Photography by Graham Washatka, Graham Images and Photography
Six faith communities kindly and bravely opened their doors, offering us a look at some of their most sacred moments. They represent the vibrant and complex tapestry of philosophies that exist in the Fox Cities. While we have barely scratched the surface of our religious landscape, the glimpses of God encountered at each place of worship are inspiration to keep digging.
Moses Montefiore Congregation, Appleton
The congregation at Moses Montefiore Congregation became officially organized in 1903 and today is made up of about 60 member families. President Jerry Zabronsky says a local survey concluded there are roughly 500 Jewish residents living in Brown, Outagamie and Winnebago counties. Services at Moses Montefiore are held on Friday evenings and Saturday mornings in observance of the Sabbath which occurs sundown on Friday until sundown on Saturday.
Jewish children usually start attending Hebrew school in third grade to learn the Hebrew language and Jewish history.
In the image above, Rivka Littman teaches children songs in preparation for Hanukkah which celebrates the Jewish victory over the Greeks in the Maccabean Revolt and the rededication of the Holy Temple. This year, the “Festival of Lights” begins on the evening of December 12 and continues for eight days.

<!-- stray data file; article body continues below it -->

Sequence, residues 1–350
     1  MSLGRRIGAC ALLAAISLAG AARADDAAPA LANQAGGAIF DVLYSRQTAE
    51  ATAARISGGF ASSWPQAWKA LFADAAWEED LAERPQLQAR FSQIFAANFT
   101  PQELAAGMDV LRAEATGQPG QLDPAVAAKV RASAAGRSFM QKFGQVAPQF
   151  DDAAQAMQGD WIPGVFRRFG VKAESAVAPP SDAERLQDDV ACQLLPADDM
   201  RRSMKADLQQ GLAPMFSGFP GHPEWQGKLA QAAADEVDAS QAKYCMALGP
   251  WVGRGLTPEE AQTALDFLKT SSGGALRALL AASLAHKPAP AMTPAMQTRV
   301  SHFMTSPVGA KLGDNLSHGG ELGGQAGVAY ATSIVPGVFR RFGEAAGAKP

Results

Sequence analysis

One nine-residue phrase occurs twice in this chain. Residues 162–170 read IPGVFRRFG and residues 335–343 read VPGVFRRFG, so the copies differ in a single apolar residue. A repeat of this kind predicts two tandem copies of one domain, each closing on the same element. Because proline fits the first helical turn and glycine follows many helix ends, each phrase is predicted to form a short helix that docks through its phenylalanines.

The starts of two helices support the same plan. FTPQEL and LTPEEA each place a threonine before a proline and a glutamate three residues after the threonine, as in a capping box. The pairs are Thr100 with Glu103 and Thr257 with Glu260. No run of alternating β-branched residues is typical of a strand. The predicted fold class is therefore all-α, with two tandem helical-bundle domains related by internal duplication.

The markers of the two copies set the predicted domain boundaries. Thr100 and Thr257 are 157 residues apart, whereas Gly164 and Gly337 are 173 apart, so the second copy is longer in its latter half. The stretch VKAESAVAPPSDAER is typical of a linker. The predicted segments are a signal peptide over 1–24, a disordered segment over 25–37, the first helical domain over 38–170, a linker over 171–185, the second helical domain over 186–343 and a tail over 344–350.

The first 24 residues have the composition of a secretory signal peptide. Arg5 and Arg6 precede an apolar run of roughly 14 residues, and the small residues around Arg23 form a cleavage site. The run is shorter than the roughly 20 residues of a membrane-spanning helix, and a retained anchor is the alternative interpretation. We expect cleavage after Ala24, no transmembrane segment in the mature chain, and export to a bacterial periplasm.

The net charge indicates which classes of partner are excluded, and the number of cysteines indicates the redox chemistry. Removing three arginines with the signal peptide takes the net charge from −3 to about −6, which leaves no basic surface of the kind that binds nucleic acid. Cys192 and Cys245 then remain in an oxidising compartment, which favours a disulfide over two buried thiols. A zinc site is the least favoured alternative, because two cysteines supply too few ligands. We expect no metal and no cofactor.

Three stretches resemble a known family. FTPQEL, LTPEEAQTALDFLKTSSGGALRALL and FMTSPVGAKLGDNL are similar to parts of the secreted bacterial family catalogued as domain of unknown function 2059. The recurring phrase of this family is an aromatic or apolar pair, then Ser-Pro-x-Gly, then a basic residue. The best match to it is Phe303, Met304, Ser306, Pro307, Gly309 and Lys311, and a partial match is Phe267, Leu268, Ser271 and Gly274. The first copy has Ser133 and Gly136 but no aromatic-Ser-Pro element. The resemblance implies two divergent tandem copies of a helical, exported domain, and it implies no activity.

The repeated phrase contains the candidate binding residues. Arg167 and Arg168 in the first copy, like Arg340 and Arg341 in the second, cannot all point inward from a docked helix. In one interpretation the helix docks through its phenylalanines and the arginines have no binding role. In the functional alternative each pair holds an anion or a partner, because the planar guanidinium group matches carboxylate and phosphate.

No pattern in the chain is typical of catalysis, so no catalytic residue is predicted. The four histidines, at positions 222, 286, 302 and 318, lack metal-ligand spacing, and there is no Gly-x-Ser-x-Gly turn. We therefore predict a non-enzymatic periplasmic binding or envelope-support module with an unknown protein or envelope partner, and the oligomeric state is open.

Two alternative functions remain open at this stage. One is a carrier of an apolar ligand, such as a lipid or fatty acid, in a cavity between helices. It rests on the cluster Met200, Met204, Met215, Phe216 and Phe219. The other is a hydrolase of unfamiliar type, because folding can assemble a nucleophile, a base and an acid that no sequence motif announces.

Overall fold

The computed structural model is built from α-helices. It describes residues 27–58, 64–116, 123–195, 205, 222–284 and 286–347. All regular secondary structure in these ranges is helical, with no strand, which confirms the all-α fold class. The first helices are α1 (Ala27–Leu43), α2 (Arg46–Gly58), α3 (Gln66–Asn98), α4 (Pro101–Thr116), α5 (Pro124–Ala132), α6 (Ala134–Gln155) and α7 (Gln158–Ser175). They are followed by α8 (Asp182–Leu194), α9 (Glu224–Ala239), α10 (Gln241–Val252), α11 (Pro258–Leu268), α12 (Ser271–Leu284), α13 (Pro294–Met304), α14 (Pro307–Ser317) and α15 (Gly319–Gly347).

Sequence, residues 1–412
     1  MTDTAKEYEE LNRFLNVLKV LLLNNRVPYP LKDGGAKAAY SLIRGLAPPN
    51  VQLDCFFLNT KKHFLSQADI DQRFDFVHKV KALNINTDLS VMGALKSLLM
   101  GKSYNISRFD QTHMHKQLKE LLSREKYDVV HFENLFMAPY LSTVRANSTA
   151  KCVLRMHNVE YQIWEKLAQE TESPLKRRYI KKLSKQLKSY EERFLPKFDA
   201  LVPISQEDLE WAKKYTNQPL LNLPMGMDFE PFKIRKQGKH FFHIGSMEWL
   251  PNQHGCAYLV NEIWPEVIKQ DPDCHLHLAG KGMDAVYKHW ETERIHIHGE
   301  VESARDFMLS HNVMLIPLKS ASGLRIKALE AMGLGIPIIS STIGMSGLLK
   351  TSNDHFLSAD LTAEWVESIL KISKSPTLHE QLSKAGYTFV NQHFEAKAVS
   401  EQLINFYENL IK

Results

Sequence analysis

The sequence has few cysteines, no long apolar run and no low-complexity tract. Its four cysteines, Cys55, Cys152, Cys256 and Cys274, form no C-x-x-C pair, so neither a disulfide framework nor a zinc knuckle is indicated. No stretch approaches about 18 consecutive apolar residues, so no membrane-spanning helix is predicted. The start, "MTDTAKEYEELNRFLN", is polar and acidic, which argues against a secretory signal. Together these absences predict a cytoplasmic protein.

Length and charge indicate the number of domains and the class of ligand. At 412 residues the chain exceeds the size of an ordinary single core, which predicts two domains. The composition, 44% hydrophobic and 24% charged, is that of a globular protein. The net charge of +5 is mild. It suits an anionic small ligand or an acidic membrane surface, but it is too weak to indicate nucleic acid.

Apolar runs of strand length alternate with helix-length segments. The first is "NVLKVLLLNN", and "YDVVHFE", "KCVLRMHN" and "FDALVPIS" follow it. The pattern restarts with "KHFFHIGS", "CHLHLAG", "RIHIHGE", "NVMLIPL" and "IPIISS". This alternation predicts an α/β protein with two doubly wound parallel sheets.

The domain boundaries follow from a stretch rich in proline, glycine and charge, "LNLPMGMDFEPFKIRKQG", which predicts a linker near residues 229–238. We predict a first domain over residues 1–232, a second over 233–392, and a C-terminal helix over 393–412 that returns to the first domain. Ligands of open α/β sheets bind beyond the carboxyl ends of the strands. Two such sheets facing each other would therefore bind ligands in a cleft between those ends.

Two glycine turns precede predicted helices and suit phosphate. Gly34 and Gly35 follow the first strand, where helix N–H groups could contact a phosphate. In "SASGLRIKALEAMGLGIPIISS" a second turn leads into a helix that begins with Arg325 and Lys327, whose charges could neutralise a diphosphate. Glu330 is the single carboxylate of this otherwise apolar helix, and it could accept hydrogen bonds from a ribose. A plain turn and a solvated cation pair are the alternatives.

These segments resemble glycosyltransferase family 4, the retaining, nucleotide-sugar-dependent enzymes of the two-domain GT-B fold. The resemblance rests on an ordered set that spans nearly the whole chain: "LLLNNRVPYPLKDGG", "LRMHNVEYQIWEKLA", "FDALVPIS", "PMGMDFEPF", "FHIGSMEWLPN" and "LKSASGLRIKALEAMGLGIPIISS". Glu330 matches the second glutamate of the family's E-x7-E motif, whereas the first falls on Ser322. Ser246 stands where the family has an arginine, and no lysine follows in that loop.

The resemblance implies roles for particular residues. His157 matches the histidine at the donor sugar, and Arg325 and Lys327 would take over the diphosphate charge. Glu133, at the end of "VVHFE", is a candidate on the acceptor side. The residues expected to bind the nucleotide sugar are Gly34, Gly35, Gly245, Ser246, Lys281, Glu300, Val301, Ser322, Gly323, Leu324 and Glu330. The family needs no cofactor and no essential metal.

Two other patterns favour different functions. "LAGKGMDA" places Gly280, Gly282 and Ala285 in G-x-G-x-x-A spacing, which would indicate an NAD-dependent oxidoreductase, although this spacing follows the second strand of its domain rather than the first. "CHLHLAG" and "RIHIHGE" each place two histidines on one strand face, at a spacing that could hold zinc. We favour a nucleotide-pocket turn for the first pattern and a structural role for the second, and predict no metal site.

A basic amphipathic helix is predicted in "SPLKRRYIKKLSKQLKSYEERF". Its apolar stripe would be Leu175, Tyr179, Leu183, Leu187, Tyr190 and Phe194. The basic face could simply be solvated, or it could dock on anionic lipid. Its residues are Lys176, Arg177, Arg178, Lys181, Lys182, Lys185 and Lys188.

Four large plaques hang on the walls inside the synagogue. The plaques are made of many smaller plaques, each representing a deceased synagogue member or relative of a synagogue member. The deceased are memorialized on the anniversary of their death by lighting the bulb next to their name. “Each week we light the ones for the coming week and we’re doing it today because Sabbath just ended yesterday. These will stay on until next Sunday,” Zabronsky says.
“The biggest reaction you get when you tell someone you’re Jewish is just shock, but not necessarily bad shock. I guess I don’t look like a typical Jew. As a Jew you’d say, ‘What does that even mean?’ I feel like I look like a typical Wisconsinite, right? … Most people just want to know how the things that are important in their lives would fit into a Jewish person’s life. In some cases, not at all. But in other cases, we are living the same life they are.” — Eric Wolfe, Chairman of the Board of Trustees.
Choosing a religious path:
“I had a wonderful high school Latin teacher. He really gave us a deep love of things that were ancient and a lot about religion in a very general kind of way. Interestingly, my dad is an engineer and it was through the sciences that we dealt with a lot of questions about infinity, eternity and evolution, all those things that get you thinking about the mystery of being a person. That was the soup from which my interest in being a rabbi arose.” — Rabbi Kenneth Katz